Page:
Israeli Prime Minister Benjamin Netanyahu held a 90 minute session of talks with former Foreign Minister Tzipi Livni as he tried to court the floundering opposition Kadima Party into his coalition.
Though Kadima won the largest number of seats in this year’s elections, the party was unable to form a coalition government and fell into the opposition. The party formed out of a split in the Likud Party in late 2005, with Ariel Sharon’s faction forming Kadima and Netanyahu’s remaining in control of Likud.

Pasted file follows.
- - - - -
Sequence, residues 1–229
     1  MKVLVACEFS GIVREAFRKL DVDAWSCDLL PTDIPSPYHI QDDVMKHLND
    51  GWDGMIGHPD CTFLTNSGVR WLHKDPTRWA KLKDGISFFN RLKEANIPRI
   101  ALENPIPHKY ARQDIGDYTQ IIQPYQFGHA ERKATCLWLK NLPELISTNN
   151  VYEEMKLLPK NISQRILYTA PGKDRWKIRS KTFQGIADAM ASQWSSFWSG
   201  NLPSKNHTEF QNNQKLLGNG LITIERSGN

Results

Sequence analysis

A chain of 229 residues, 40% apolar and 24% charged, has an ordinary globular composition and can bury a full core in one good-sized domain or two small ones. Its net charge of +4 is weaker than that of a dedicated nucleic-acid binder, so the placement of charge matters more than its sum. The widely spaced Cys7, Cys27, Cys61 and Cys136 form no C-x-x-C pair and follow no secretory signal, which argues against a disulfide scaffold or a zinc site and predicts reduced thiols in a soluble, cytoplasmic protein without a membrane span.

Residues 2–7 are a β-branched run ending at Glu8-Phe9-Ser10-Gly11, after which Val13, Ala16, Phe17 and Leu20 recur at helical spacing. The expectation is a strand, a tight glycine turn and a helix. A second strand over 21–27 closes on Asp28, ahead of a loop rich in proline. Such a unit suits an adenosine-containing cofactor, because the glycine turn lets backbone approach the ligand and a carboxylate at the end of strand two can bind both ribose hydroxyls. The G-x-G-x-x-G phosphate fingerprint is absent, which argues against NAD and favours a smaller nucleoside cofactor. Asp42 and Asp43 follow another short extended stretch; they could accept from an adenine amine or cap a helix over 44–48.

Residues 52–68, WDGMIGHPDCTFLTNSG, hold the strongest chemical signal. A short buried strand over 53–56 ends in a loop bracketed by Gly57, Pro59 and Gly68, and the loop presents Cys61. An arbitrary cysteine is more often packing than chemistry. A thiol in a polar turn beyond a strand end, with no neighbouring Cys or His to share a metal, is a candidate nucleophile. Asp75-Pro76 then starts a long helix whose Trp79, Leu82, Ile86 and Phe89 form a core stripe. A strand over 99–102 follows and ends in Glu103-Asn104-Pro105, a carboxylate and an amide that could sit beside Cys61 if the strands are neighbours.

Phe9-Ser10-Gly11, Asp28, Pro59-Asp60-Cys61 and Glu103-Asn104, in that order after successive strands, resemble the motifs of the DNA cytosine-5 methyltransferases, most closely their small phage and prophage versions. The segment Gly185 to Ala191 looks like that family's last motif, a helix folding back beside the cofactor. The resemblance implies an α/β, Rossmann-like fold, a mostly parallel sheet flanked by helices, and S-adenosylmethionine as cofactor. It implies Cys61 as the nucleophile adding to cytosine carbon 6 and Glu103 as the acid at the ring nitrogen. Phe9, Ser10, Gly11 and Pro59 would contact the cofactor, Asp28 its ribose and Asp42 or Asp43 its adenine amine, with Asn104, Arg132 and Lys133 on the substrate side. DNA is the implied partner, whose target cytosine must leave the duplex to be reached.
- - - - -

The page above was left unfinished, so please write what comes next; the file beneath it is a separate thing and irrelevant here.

With Sharon out of the political scene the party’s purpose has become increasingly nebulous, and it is hurtling toward a very ugly split, with much of the faction looking to return to Likud.
Kadima MP Solodkin condemned those planning to leave as traitors, while Haim Ramon accused the Likud and Labor Parties of conspiring against them. Likud MPs insisted Kadima was born of a “sinful split” with Likud and it was only justice to see the party crumble.
Though Likud held a strong position pre-Kadima, if it manages to absorb the bulk of the party it will become a virtual monopoly on power in Israel, as the Labor Party, its traditional ally, is splintered and increasingly irrelevant.
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